Managing Costs: Fixed Expenses vs. Variable Expenses Compared

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Contributor, Benzinga
October 31, 2023

A major part of budgeting is projecting fixed expenses versus variable expenses. The fixed ones are often much simpler to plan for because they will change less frequently and often the merchant provides notice. Variable expenses can change drastically from one month to the next, such as in the case of energy expenses for your household. Learn what these expenses are and how to best budget for them.

Understanding Fixed Expenses

What Are Fixed Expenses?

Fixed expenses are those that you can project with absolute certainty. They show up monthly, such as a gym membership, or annually, like in the case of your homeowners insurance renewal. 

Changing fixed expenses is more challenging than trying to save money on variable expenses because they are something you likely agreed to with a contract.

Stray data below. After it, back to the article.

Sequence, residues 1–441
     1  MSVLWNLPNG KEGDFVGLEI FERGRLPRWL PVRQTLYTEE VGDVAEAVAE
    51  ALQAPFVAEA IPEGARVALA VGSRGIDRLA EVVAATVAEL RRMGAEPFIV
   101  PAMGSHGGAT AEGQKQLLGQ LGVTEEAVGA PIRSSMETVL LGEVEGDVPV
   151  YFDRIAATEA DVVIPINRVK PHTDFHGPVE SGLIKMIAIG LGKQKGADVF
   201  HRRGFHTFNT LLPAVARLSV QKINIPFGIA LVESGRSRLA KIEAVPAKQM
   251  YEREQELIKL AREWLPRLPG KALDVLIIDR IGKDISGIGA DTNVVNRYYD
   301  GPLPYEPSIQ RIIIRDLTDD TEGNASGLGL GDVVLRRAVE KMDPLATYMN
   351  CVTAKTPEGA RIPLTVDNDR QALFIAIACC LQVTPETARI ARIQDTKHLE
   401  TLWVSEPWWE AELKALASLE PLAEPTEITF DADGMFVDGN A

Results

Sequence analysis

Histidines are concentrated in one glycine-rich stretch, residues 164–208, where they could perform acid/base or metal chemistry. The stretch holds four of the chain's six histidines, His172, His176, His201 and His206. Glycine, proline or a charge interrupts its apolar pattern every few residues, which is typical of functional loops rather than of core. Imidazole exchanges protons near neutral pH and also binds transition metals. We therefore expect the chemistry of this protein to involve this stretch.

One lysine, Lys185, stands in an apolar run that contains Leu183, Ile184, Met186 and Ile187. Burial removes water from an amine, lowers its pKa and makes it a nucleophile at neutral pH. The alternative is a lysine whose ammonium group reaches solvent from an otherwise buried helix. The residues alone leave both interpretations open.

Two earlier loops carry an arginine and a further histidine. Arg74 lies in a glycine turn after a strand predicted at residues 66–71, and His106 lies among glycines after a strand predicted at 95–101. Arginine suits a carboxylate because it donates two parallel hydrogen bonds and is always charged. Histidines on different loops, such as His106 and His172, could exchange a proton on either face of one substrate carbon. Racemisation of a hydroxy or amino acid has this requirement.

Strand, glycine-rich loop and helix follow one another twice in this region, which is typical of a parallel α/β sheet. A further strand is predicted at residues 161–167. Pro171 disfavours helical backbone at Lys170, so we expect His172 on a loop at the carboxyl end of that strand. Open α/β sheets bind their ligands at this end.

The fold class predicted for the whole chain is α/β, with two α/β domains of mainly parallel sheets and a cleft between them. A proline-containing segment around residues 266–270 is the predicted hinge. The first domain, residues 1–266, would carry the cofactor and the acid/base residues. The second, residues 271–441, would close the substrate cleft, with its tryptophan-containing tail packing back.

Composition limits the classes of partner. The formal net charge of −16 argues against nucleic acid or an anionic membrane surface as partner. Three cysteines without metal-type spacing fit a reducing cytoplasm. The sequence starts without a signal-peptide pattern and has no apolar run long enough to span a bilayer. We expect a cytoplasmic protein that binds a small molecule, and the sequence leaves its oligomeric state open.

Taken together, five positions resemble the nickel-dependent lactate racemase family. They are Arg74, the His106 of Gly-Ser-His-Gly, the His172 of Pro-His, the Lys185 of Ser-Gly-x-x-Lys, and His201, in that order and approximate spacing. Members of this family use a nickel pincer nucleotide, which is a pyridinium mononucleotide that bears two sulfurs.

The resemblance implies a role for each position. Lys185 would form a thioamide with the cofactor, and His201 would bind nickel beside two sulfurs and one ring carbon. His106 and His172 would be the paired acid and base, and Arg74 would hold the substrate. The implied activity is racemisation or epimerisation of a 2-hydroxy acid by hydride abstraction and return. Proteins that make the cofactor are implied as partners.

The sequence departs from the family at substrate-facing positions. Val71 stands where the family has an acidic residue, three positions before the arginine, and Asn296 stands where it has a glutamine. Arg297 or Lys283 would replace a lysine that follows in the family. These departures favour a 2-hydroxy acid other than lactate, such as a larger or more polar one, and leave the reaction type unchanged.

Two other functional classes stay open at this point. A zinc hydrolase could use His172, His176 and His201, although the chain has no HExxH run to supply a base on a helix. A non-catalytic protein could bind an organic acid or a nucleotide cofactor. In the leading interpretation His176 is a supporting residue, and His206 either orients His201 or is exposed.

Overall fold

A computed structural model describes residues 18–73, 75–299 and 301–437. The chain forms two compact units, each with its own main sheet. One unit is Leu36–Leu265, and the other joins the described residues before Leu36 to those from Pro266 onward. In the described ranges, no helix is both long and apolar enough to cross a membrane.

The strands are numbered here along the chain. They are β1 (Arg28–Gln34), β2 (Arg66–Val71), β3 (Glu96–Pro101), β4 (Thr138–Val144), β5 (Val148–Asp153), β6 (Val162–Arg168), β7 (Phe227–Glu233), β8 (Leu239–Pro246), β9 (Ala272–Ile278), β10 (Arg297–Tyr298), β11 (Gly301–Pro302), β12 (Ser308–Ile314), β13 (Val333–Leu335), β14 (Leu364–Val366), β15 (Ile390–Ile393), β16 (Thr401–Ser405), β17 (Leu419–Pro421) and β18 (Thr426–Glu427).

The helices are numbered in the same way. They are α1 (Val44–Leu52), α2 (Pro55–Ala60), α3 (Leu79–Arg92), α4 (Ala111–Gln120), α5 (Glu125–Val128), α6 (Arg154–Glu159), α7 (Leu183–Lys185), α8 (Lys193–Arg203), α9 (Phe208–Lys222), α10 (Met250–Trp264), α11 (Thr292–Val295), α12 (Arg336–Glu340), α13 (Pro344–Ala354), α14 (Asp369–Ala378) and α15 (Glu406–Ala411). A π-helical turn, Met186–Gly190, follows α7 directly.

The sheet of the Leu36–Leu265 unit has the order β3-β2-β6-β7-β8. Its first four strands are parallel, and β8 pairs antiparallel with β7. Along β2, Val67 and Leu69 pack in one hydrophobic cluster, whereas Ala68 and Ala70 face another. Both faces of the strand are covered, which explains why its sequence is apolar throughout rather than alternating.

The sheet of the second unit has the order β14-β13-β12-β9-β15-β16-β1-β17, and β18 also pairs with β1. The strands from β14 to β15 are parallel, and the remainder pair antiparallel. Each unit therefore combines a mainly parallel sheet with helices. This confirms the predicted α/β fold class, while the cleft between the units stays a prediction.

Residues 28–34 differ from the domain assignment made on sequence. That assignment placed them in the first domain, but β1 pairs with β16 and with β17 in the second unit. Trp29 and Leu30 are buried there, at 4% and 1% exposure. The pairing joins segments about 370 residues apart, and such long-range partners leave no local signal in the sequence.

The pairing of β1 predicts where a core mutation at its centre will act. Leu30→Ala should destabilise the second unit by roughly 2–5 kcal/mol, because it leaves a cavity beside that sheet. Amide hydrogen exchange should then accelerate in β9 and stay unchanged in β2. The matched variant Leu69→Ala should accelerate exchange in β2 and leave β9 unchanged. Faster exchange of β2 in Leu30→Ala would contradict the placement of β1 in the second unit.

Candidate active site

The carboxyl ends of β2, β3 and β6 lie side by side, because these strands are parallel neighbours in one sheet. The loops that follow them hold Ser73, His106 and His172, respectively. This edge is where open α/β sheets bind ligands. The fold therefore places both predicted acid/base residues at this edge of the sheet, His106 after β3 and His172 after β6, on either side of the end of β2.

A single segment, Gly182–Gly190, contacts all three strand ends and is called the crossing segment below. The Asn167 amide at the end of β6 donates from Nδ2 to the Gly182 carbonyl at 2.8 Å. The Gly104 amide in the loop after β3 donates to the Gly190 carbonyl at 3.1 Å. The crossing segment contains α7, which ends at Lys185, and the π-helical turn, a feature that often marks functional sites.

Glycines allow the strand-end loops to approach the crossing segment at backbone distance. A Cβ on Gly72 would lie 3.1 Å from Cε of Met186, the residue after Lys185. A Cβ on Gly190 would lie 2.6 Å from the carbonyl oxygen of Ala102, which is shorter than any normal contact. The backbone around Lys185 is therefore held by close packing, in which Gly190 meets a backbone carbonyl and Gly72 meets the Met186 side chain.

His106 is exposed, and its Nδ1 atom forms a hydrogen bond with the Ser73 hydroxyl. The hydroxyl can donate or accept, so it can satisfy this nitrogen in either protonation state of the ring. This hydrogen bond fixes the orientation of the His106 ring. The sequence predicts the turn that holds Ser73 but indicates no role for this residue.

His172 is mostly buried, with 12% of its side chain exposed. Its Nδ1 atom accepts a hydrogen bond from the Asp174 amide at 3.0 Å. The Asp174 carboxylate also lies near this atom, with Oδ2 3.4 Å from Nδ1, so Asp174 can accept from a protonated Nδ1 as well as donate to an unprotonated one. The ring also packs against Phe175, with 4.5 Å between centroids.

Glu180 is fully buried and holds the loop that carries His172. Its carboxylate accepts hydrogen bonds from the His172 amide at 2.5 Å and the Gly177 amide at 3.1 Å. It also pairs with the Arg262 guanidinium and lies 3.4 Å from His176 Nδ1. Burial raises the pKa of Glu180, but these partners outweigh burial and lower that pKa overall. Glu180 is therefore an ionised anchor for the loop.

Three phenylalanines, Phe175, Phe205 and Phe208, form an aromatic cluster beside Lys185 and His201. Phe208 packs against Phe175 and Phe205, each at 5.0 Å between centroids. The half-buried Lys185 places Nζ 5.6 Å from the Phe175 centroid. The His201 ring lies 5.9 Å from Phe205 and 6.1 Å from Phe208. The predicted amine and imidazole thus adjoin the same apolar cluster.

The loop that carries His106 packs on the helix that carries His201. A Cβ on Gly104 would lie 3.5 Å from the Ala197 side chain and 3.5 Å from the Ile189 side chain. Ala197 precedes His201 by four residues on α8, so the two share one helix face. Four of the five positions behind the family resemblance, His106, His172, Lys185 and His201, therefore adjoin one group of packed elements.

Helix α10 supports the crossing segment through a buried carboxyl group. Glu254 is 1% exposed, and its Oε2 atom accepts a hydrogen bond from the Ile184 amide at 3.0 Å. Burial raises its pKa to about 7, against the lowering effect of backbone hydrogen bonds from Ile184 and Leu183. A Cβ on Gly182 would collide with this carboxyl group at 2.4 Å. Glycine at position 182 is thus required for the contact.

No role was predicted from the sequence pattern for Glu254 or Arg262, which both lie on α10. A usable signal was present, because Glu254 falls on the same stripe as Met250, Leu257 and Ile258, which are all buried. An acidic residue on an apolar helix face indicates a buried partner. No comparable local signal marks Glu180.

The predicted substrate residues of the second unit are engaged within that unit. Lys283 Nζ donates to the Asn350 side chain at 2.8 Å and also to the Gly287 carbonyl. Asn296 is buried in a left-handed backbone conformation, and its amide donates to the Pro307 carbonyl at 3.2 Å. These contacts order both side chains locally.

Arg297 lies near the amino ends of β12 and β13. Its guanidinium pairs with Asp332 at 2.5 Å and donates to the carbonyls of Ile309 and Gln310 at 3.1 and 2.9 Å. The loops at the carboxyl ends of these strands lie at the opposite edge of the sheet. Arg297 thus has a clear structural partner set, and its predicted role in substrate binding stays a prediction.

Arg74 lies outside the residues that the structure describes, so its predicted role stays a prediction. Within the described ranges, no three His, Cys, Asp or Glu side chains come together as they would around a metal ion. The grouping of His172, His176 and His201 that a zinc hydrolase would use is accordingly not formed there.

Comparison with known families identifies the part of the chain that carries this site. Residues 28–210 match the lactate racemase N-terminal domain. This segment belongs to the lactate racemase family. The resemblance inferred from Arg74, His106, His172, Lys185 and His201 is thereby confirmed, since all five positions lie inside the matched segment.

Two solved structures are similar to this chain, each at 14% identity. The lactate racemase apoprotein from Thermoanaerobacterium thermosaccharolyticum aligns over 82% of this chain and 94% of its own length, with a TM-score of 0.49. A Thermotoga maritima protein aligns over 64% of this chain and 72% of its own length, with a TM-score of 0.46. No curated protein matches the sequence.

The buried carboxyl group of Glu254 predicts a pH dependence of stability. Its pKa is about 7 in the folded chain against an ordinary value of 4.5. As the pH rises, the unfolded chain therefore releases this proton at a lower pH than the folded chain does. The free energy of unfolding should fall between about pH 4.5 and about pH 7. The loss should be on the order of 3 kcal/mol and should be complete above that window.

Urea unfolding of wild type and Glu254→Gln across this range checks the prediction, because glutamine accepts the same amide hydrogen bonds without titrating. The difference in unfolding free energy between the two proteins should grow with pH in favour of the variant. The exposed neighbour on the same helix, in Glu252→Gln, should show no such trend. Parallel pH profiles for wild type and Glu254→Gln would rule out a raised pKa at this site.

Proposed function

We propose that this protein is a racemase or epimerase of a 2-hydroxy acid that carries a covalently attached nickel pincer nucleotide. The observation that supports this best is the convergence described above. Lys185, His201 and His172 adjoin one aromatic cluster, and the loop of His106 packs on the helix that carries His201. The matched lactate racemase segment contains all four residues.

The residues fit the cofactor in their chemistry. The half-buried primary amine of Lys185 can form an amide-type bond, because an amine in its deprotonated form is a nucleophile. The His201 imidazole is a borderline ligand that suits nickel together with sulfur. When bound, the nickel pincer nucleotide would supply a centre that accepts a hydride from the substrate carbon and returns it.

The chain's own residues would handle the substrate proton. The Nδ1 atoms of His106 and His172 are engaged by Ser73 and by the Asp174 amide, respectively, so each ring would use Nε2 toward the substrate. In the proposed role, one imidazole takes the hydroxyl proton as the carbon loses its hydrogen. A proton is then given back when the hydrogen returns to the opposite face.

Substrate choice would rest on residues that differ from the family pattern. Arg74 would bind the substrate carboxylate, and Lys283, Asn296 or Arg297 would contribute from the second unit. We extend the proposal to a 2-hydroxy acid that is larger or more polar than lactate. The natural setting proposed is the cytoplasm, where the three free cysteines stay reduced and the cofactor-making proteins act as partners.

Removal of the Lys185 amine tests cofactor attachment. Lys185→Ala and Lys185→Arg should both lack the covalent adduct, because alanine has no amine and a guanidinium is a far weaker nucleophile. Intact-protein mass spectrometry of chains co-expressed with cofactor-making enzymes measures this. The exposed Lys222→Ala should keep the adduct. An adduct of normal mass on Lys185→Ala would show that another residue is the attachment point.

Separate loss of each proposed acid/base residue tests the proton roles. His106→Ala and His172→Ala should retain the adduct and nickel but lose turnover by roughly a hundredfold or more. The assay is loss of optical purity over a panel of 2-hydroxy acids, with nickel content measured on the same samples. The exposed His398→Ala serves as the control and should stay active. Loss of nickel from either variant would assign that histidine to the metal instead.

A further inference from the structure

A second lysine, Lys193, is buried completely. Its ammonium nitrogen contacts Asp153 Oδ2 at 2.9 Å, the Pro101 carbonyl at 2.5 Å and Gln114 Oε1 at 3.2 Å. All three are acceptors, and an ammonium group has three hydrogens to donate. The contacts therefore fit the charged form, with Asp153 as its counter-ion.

A nice part about fixed expenses is that they hit at the same time each month, quarter or year based on your agreement. These expenses can be necessary, such as your mortgage or rent payment or they might be discretionary, as is the case with many streaming services and memberships to local attractions.

Although the amount is fixed, you might be able to lower the costs by switching to a different subscription plan, evaluating competitors or renegotiating the contract. One example of renegotiating a contract is a mortgage refinance where you essentially restructure the mortgage based on today’s rates and start your payment term over again, which can spread out your monthly payments longer and at a lower interest rate, making the fixed cost lower.

And while insurance is considered a fixed rate, you can shop around for other carriers, change your coverage or increase your deductible.